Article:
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Meat inspectors more doubtful after first week of trials


November 21, 2010

For Immediate Use

Meat inspectors more doubtful after first week of trials

Independent government meat inspectors say they are even more sceptical of meat companies inspecting their own product after a week of witnessing company workers doing just that, says the New Zealand Public Service Association (NZPSA).

A six-month-long trial where meat company workers are carrying out inspection tasks normally done by independent government meat inspectors started last week (Mon 15 Nov) at the Affco Imlay meat plant with others set to begin shortly at the Alliance Mataura plant and Silver Fern Farms Pareora.

“Despite their misgivings, our meat inspector members are cooperating with the trials because they want to protect the quality and reputation of New Zealand meat. But what they saw last week doesn’t fill them with confidence,” says NZPSA National Secretary Richard Wagstaff.

“It was revealed on the first day of the Imlay plant trial that the United States wouldn’t accept meat from it. We had previously been assured that our export partners had been informed and approved of the trials.

“We’re hearing from our meat inspector members who’ve been observing the trial that the meat company “inspectors” are failing to detect defects, disease and faecal matter,” says Richard Wagstaff.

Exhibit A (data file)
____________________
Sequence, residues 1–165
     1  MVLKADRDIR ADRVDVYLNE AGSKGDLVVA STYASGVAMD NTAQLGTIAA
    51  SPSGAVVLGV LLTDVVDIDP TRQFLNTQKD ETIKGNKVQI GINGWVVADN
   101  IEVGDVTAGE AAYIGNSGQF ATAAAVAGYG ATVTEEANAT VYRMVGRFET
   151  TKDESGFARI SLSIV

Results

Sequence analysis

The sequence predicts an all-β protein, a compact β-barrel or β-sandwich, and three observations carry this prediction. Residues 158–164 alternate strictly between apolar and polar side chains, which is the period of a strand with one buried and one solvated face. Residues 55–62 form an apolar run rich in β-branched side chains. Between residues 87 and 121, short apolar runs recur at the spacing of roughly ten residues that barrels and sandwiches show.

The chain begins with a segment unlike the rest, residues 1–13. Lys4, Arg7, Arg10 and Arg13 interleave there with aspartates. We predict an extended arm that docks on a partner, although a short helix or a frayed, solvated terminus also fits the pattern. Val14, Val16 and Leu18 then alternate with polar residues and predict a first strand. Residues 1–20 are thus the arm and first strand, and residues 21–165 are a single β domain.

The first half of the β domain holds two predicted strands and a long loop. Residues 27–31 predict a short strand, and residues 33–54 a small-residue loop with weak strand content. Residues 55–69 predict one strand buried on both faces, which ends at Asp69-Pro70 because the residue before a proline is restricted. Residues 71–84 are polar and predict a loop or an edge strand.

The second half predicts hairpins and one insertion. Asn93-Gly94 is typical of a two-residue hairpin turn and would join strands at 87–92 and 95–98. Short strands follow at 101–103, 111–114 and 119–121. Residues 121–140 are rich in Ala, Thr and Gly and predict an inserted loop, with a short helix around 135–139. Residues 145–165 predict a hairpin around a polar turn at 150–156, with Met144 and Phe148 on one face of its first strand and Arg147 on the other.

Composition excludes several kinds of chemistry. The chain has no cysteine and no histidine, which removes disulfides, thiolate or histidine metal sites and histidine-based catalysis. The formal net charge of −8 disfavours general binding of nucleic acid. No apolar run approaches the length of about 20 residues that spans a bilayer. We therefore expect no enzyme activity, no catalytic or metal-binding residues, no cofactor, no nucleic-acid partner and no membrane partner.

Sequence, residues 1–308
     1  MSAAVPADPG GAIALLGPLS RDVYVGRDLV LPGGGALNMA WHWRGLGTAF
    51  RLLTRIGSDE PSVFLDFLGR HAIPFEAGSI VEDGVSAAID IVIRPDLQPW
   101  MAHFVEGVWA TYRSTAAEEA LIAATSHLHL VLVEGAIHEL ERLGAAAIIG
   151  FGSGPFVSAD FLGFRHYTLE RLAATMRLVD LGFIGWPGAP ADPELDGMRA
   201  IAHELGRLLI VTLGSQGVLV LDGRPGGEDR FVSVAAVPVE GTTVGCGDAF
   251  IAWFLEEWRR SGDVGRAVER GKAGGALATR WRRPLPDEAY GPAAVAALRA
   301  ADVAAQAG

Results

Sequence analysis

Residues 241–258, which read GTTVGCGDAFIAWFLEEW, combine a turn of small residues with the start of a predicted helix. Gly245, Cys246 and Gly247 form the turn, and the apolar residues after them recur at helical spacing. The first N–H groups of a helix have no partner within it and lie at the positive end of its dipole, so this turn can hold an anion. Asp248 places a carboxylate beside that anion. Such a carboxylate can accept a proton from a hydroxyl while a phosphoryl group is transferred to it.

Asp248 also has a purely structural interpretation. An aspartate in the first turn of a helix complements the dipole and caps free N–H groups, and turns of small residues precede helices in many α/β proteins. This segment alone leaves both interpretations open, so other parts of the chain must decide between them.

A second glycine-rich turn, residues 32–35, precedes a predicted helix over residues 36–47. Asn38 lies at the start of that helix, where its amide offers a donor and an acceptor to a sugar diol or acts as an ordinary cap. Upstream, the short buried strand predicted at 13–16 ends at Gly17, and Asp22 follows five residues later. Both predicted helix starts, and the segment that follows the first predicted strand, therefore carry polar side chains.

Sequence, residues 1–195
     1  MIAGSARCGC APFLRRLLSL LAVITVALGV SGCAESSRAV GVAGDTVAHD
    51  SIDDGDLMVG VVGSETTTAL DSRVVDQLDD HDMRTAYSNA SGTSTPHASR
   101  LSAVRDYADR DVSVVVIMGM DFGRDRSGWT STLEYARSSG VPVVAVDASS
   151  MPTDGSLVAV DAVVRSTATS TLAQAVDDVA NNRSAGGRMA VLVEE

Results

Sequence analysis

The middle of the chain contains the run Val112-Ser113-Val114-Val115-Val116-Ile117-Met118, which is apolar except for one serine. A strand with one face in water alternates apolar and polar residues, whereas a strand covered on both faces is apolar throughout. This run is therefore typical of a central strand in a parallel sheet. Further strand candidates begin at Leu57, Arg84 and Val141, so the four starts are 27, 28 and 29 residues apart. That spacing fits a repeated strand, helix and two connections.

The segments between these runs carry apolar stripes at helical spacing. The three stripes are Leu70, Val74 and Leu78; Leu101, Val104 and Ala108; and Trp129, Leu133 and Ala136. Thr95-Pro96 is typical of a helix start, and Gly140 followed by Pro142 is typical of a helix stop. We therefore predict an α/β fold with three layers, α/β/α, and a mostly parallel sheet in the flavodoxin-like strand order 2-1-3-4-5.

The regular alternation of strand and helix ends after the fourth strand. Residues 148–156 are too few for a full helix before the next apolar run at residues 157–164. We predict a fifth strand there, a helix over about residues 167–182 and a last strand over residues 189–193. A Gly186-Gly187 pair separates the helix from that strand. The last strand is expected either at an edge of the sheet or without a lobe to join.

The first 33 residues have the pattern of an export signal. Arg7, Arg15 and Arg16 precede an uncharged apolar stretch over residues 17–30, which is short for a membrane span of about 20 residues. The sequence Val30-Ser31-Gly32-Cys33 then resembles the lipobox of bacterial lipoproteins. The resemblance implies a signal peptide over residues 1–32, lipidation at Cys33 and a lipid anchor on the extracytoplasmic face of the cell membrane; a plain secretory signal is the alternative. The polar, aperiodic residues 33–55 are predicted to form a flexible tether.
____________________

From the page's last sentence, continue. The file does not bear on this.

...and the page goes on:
“That’s hardly surprising given that they’ve only had two or three days training. Independent meat inspectors thoroughly train for twenty weeks.

“These trials have been timed so that much of the meat flowing through them is healthy 12-week-old spring lamb. Once these workers have to deal with an influx of older meat which carries more defects, their ability to spot defects and disease will be severely challenged.

“We would caution other meat companies against risking their reputation by taking part in trials. The current crisis in the kiwifruit industry shows how quickly disease can knock down our reputation on a multi-million dollar industry.

“These trials have been rushed through with a lack of consultation with our members and New Zealand’s trading partners all because the Ministry of Agriculture and Forestry (MAF) and its Food Safety Authority (NZFSA) want to rush through their vision of deregulation that is supported by the meat industry.

“It goes without saying that New Zealand’s export industry depends on our meat and agricultural production. The meat industry alone is worth nearly $6 billion dollars. Independent meat inspection costs a fraction of this expenditure.

“That price guarantees huge export markets that value the high quality of New Zealand meat. That’s a good investment in anyone’s book,” says Richard Wagstaff.


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